Zika Virus & Pregnancy
What is Zika virus?
Zika virus is a disease which is spread to humans initially through bites from an infected species of mosquito. The nature and symptoms of the disease in healthy people means that people often don’t become ill enough to warrant a visit to their doctor or healthcare professional, so many people might not be aware they have been infected. It is rare for a person to die of Zika, although those with compromised immune systems such as the very old, very young and pregnant women are thought to be more at risk.
Zika virus and microcephaly
In May 2015 the Pan American Health Organization (PAHO) issued an alert regarding the first confirmed Zika infection in Brazil, and on Feb 1, 2016, The World Health Organization (WHO) declared Zika virus a public health emergency of international concern (PHEIC).
Until recently, experts believed there was a potential link between Zika and microcephaly, a birth defect causing abnormal smallness of the head, developmental problems in young children and other neurological disorders. However, on April 13th 2016, scientists at the Centers for Disease Control and Prevention (CDC) confirmed, after careful review of existing evidence, that Zika virus is a cause of microcephaly and other severe fetal brain defects in babies, marking a turning point in the Zika outbreak.
Microcephaly is a birth defect where a baby’s head is smaller compared to babies of the same age and sex.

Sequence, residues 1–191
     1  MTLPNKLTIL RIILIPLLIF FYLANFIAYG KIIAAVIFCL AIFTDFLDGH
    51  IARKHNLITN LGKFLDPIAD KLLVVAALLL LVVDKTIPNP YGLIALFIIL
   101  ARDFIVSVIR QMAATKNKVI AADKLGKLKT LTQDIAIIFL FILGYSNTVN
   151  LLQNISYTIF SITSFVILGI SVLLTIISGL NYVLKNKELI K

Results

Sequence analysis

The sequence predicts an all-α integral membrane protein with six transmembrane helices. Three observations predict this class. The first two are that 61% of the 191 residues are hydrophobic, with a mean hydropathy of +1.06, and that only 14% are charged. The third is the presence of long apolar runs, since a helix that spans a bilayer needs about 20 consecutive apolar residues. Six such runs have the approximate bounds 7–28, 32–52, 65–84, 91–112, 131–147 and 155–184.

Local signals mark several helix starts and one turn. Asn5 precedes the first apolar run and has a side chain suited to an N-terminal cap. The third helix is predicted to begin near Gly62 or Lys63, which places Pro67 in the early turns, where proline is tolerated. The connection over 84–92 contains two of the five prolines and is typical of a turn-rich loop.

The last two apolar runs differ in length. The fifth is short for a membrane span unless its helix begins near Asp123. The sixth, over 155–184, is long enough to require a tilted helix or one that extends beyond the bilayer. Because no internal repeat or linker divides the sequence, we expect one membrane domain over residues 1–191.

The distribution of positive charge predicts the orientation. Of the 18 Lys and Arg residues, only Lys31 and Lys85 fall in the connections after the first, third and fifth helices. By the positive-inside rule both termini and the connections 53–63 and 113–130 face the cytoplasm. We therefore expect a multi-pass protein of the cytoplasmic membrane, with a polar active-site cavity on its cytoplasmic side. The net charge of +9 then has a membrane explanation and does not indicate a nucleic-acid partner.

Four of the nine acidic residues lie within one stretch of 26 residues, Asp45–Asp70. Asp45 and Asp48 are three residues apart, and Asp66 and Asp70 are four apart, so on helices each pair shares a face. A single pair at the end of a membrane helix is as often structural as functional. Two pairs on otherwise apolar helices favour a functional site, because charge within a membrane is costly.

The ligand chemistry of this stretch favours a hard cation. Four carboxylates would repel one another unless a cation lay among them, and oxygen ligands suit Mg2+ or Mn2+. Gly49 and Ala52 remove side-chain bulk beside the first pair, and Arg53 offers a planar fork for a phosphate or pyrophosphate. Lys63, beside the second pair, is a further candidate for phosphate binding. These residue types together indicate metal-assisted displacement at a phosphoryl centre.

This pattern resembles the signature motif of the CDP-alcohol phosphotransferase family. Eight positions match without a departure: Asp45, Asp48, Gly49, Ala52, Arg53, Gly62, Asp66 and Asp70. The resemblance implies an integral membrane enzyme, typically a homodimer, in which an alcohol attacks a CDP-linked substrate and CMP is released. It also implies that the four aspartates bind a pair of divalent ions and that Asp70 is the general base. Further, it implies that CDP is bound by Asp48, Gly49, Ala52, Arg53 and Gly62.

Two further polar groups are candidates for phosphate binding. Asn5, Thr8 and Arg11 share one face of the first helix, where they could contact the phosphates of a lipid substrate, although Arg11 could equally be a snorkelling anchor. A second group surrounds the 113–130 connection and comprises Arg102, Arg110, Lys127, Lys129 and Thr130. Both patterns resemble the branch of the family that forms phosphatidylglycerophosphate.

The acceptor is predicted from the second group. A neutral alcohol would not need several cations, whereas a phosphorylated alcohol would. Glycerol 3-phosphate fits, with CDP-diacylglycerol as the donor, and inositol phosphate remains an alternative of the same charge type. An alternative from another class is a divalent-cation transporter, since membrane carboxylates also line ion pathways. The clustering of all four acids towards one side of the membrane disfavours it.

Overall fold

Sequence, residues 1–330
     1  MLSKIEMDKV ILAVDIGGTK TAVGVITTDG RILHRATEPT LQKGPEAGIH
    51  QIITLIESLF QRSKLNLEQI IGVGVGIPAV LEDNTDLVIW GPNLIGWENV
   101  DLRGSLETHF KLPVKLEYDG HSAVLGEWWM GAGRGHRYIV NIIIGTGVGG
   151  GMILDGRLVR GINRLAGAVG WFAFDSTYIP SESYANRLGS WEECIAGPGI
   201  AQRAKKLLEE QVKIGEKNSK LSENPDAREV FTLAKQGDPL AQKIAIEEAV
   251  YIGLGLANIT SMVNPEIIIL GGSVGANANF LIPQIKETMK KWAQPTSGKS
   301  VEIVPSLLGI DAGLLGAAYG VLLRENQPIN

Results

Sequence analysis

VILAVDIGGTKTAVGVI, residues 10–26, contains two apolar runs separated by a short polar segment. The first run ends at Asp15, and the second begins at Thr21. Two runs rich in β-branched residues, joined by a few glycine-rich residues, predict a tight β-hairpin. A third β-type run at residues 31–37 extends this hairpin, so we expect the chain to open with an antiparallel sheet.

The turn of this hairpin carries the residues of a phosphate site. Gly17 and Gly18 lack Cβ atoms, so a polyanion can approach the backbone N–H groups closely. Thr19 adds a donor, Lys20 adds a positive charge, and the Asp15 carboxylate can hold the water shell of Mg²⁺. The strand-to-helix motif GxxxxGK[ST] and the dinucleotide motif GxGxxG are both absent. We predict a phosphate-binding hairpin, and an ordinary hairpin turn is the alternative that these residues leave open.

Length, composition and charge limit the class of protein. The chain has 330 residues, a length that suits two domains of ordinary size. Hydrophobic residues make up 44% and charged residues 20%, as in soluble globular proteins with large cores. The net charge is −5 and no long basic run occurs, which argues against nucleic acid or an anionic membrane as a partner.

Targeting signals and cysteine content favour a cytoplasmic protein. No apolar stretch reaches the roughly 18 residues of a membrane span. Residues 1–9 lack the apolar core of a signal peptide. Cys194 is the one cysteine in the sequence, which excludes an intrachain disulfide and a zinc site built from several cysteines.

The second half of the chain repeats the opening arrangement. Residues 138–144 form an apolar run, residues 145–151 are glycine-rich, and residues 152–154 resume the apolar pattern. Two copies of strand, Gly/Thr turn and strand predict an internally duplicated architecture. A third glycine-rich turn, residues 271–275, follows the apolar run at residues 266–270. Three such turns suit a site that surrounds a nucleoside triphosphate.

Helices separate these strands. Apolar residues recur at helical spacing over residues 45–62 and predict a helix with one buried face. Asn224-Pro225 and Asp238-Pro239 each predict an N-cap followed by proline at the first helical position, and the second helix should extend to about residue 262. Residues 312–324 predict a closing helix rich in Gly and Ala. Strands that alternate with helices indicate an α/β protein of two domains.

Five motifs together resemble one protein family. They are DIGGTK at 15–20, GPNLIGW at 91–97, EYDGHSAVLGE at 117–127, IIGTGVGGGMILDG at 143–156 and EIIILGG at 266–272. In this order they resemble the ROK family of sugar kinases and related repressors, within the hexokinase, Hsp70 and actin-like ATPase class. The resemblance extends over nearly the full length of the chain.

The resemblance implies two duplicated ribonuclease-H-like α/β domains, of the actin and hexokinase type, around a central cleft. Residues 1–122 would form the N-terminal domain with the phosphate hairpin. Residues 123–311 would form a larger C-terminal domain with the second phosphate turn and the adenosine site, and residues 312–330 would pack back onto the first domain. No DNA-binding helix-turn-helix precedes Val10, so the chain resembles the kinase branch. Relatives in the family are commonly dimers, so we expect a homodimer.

Babies with microcephaly have smaller brains that might not develop properly and develop severe intellectual disabilities.
The CDC is launching further studies to determine whether children who have microcephaly born to mothers infected by the Zika virus are just a small proportion seen, in terms of the damaging effects Zika could have on the brain and other developmental problems.
Official guidance remains that pregnant women, those looking to conceive, and their partners, should take steps to avoid Zika infection by meticulously practicing mosquito bite prevention.
The CDC also advises pregnant women to avoid travel to areas where Zika is actively spreading such as Brazil and more than 20 other global territories.
How is Zika virus transmitted?
Zika is primarily transmitted to humans through the bite of an infected Aedes species of mosquito. Once a person has been infected, he or she is likely to be protected from future infections.
Can Zika virus be passed from person to person?
More has become known about the virus transmission as the outbreak has unfolded and experts now firmly believe it can be transmitted from mother to child. Whilst there have been no reported cases of transmission via breastfeeding, it is believed a mother who is almost full term and becomes infected with the Zika virus can pass it onto her newborn around the time of birth.
What are the symptoms of Zika Virus and how long do they last?